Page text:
Gold Coast Memories
Gold Coast Memories is dedicated to collecting and preserving our community’s heritage and making it available to the public online. Our growing collection of digitized postcards photographs, documents and artwork is available for viewing on this website and as part of the Long Island Memories project.
In 2010, the Gold Coast Public Library joined Long Island Memories, the digitization initiative sponsored by the Long Island Libraries Resources Council. The goal of Long Island Memories is to provide the people of Long Island with access to a visual and oral record of Long Island's history, culture, government and industry.
We hope you enjoy exploring this collection and discovering the history of our unique home.
Perhaps you’ve noticed the nondescript building next to the library with the simple lettering Strat-O-Matic above the always-shaded window and wondered what was inside? Or noticed the long line outside 42 Railroad Plaza on a late winter morning and wondered what all the fuss was about? For all of its legions of fans, the Glen Head building is the epicenter of an obsession…the headquarters for a hobby enjoyed by millions of sports fans since 1961.
Strat-O-Matic is a statistics-based board game played with cards, charts, and dice that closely mirrors the real-world performances of professional athletes and teams. If you’ve ever managed a fantasy sports team, played a simulated sports game, or just watched the movie Moneyball, you’ve indirectly enjoyed the legacy of Strat-O-Matic, a company that celebrated its 50th anniversary in 2011, all but the first few years at the Glen Head location.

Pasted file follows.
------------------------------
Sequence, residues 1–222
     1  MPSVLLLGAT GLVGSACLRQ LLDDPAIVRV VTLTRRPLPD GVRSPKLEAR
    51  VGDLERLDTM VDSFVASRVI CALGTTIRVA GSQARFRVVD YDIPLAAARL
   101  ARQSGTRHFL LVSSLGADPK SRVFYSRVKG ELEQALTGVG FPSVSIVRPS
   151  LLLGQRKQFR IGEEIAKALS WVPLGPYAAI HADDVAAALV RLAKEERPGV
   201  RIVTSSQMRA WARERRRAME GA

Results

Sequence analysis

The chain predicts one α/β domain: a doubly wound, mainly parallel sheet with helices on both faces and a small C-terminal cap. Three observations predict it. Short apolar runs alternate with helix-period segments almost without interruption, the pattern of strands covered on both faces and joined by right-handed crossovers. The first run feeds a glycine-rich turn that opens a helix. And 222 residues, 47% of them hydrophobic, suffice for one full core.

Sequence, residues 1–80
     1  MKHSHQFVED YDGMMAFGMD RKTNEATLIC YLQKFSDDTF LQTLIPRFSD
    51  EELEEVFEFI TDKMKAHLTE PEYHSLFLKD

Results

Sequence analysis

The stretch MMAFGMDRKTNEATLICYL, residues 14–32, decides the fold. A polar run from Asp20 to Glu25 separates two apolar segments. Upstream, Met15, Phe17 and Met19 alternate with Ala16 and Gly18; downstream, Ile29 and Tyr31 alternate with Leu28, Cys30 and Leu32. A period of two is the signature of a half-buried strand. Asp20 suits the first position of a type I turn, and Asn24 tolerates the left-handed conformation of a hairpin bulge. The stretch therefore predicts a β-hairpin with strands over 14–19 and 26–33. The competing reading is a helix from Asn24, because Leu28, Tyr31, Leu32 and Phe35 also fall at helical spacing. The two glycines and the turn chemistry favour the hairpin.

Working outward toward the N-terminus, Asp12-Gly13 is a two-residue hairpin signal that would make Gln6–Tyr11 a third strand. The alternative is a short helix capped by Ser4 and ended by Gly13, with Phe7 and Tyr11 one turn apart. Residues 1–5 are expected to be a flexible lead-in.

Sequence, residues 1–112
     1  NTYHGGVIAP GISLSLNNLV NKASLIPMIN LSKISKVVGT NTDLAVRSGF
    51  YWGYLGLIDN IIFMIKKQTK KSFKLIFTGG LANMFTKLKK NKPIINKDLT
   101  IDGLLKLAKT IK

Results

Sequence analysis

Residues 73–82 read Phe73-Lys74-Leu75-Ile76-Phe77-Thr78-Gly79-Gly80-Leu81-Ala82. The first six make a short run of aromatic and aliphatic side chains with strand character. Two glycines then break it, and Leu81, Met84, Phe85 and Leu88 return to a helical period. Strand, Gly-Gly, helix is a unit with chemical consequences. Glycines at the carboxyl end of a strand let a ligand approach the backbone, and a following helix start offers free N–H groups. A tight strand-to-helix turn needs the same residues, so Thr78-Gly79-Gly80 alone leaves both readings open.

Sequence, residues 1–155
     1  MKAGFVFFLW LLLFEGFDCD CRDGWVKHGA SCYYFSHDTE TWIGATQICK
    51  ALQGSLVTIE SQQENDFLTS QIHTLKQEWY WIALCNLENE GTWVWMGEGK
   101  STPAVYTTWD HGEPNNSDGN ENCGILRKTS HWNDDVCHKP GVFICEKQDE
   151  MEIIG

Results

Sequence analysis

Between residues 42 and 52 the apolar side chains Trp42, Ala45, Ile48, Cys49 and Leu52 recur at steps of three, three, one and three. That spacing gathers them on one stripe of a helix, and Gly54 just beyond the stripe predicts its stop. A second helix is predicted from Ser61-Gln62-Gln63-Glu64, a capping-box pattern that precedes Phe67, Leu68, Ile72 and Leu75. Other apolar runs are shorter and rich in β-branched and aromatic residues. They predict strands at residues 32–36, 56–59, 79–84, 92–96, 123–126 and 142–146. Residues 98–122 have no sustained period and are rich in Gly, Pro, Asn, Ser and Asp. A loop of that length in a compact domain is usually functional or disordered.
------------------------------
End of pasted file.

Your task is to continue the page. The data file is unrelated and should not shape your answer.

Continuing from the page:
Strat-O-Matic founder Hal Richman first had the idea for the game when he was just 11 years old. In 1961, he brought Strat-O-Matic Baseball to market, first basing his operations in Port Washington, where his family lived. After a slow start, the game caught on with the public and - in the early seventies - Hal moved his company to Glen Head, seeking a more spacious, convenient location. The unassuming gray building adjacent to the Glen Head train station has been the company’s home ever since.
Learn more about the library’s closest neighbor at: www.strat-o-matic.com/community/media-archive
The Wright Brothers in Glen Head
Wright Model B Floatplane in Glen Head hangar (1912)
In 1912, the Wright Brothers set out to establish a school of water-flying at the Glenwood Country Club in Glen Head, New York. The Ohio-based inventors chose a New York engineer and aviator - Charles Wald - to test their “floatplane” design over a large body of water. Wald made several successful flights over Hempstead Harbor to New Rochelle and back. On October 10, 1912, with a newspaper correspondent on board, one of these flights ended with the plane flipping over upon landing. Though no one was hurt, this mishap effectively marked the end of the Wright Companies Long Island experiment.
Charles Wald, Hempstead Plains (1916)
Photographs reprinted courtesy of Wright State University Library.
Glenwood Landing c 1915
From the New York Times [New York, N.Y] 22 Apr 1900: 22:
There is good fishing just now at Glenwood Landing, which can be reached by the Oyster Bay
Branch of the Long Island Railroad. The excursion fare is $1, and fishing boats may be had for
50 cents a day. Sand worms are 10 cents a dozen, clams, 25 cents a peck, and later on, when the
black fish commence biting, riddlers may be had for 20 cents a quart, so it will not be necessary
for the fisherman to take his bait with him.
Retrieved from ProQuest: Historical New York Times, a searchable, full-text database with articles and images
from 1851- 2007, accessible to Gold Coast cardholders through the library’s website (Proquest).
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